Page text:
ATHEISM & Post-9/11, scholars scolded the religious. Now they overintellectualize them

by Stephen T. Asma, JULY 28, 2014

September 11 changed the God conversation. Atheism was always a reasonable alternative to theological glitches like the problem of evil, and of course God seemed increasingly unnecessary after Darwin’s revolution, but atheism was a relatively quiet and confident minority position. Like opera fans who know they’re right but don’t bother to evangelize the unsophisticated, atheists were generally too imperious to go to the trouble of public debate.

But after 9/11, Christopher Hitchens, Sam Harris, Richard Dawkins, and Daniel Dennett, nicknamed the Four Horsemen of the new atheism, showed us the first wave of atheist response: anger, retaliatory logic, and self-loathing about the failure of flaccid liberalism—our impending cultural suicide from too much naïve tolerance. Pugilistic Islamic fundamentalism was taken as a token for religion generally, and the excesses in this world of otherworldly metaphysics led the Horsemen to call for the end of faith altogether.

Academics slight the essential day-to-day comforts that keep religion, or at least its spiritual secular offshoots, relevant.

Recent books offer a second wave, with political, economic, and philosophical takes on religion and its surrogates. Peter Watson’s The Age of Atheists (Simon & Schuster), Terry Eagleton’s Culture and the Death of God (Yale University Press), and Roger Scruton’s The Soul of the World (Princeton University Press) are much more historically aware, and more comfortable with the persistent ebb and flow of Western religion, than were the Horsemen’s admonitions. But in focusing on seductive macrosocial and lofty theological impulses, the new books slight the essential day-to-day comforts that keep religion, or at least its spiritual secular offshoots, relevant. They also largely dismiss the powerful light that science can shed on spiritual longing. They don’t miss the forest for the trees; they miss it for the sky above the trees.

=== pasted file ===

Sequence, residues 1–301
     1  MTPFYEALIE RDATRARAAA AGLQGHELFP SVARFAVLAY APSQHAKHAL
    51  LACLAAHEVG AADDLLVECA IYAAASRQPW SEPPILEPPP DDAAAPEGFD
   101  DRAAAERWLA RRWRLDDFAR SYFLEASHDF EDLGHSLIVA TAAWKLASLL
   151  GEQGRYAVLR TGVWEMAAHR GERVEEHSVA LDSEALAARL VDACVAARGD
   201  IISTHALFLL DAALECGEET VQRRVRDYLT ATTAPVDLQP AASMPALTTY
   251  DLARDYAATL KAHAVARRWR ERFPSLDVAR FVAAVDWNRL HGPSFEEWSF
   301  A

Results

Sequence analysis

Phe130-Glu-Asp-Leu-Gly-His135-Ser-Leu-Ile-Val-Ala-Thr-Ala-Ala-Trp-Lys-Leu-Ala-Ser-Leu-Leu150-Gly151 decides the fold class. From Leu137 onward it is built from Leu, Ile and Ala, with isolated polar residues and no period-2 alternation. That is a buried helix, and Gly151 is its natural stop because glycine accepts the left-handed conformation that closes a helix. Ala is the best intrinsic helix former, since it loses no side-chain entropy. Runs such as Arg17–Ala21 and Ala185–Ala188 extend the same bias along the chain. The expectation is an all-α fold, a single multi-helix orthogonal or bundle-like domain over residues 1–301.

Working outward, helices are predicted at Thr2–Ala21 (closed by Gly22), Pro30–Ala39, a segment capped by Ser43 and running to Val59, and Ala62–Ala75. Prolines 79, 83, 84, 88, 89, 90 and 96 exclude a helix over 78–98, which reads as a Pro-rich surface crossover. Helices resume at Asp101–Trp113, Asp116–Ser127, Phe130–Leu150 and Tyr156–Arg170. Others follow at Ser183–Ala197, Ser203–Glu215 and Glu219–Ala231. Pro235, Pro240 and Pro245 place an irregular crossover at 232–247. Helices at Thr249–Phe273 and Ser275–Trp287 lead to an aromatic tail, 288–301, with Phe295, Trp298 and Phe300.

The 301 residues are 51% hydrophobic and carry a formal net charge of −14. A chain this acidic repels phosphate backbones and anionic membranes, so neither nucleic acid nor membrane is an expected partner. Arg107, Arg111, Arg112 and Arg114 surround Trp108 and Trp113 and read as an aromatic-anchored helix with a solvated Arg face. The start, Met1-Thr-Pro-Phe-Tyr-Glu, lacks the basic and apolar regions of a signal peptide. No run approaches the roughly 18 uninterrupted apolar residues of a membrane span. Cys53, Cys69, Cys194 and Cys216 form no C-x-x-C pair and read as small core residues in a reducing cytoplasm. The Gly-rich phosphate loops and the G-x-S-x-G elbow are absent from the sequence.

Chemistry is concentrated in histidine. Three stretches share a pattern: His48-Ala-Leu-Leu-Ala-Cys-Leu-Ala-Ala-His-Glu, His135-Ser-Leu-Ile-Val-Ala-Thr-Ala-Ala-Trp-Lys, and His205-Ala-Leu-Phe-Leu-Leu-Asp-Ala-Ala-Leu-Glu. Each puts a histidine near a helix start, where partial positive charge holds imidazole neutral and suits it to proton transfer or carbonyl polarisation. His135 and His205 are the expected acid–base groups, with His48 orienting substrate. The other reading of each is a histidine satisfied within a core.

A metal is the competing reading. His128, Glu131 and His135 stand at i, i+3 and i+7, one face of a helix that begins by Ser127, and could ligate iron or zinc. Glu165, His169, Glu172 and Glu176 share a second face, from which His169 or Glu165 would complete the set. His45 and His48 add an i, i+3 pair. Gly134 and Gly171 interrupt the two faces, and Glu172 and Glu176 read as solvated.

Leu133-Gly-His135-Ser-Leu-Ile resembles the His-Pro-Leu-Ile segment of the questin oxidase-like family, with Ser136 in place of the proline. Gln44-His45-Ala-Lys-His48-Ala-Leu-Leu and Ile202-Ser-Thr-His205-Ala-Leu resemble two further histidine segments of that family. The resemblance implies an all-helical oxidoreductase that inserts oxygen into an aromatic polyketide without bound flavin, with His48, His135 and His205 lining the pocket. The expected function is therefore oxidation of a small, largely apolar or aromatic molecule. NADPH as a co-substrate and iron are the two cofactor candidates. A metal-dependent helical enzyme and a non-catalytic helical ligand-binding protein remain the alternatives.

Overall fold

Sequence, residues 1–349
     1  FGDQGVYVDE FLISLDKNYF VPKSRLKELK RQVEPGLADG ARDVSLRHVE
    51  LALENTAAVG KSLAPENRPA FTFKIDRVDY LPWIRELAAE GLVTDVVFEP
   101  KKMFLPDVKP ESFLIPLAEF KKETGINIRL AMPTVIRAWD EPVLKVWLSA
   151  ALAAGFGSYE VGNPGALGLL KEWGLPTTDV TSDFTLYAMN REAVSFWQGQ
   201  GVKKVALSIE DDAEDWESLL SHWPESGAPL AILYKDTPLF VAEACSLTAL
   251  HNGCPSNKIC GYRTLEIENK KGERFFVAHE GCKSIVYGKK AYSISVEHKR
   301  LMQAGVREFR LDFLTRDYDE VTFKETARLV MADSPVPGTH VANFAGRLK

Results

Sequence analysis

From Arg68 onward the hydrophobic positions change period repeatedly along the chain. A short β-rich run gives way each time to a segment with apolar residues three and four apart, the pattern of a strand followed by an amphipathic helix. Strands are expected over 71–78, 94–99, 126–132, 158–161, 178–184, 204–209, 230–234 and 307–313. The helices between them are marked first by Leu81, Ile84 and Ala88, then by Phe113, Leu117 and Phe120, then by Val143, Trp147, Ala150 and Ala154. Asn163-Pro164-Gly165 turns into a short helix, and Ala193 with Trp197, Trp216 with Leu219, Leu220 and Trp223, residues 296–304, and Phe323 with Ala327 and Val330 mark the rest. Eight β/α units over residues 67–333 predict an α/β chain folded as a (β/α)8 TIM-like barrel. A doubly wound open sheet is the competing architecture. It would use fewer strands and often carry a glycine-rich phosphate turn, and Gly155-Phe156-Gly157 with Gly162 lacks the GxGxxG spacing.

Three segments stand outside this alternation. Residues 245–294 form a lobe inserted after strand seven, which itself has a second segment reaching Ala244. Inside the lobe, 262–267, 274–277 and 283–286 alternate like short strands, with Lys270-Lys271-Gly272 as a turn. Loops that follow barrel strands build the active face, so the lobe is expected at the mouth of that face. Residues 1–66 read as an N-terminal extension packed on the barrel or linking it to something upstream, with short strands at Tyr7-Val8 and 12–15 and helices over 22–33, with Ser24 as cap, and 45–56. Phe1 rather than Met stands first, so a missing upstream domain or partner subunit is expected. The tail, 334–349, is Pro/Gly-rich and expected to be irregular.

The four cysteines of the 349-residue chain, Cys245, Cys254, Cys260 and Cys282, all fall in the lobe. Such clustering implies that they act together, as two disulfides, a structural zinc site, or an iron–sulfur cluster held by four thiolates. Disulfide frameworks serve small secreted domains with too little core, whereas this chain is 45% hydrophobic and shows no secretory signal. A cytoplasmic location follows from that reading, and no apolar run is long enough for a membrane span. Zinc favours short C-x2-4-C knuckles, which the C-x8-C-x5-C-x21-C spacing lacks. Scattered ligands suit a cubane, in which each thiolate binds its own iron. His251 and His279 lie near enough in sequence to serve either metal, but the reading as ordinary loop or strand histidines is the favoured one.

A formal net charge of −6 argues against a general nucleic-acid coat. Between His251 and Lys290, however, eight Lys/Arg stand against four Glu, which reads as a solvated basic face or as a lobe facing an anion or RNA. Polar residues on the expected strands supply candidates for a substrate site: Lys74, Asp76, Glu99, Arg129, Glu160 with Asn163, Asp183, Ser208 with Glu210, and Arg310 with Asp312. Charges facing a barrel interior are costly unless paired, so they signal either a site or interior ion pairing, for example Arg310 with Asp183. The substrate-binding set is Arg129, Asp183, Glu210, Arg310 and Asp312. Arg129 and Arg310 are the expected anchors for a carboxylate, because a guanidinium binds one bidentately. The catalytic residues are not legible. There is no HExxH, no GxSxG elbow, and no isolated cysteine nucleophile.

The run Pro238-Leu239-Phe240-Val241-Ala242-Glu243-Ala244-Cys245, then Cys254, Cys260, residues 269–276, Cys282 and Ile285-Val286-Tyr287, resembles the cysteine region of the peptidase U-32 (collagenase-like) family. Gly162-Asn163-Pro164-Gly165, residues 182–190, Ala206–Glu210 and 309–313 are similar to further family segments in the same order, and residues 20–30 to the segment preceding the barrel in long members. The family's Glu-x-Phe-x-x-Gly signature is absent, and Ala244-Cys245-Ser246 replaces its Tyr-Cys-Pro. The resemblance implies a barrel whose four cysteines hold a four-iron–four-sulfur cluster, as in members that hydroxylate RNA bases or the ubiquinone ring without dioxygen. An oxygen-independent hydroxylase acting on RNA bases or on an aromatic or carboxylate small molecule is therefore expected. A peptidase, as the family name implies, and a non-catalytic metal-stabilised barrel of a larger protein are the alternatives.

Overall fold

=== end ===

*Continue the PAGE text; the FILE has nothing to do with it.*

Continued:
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APOLOGETICS & Old/New Testaments’ Portrayals of the Heavenly Father

By Dan Kimball, 4/27/14 “There is one God and the key in seeing the whole story of the whole Bible not just isolated stories…”

More from Kimball, “Writing a chapter in the ‘Crazy Bible?’ book looking at the way there is a perception that the Old Testament shows a different God than the New Testament. There is one God and the key in seeing the whole story of the whole Bible not just isolated stories. This Simpsons episode illustrated this with Homer holding a photo of God and as he would angle it, the image changed as he would say ‘vengeful God’ “loving God… Just watched the whole episode. Quite fascinating… There is a church that worships in a bowling alley in it.”

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The Intellectual Snobbery of Conspicuous Atheism

by Emma Green, Atlantic Magazine, 3/14/14

The problem is, the “culture war” is a false construct created by politicians and public intellectuals, left and right. The state of faith in the world is much grayer, much humbler, and much less divided than atheist academics and preaching politicians claim. Especially in the U.S., social conservatives are often called out in the media for reifying and inflaming this cultural divide: The rhetoric of once and future White House hopefuls like Rick Santorum, Sarah Palin, and Bobby Jindal reinforces an “us” and “them” distinction between those with faith and those without. Knowing God helps them live and legislate in the “right” way, they say.

But vocal atheists reinforce this binary of Godly vs. godless, too—the argument is just not as obvious. Theirs is a subtle assertion: Believers aren’t educated or thoughtful enough to debunk God, and if they only knew more, rational evidence would surely offset faith.

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Why Does God Allow Pain & Suffering?  It’s a difficult question. Probably one of the hardest to answer. The Curiosity Collective brings together thought leaders, authors, philosophers and theologians to explore this difficult question.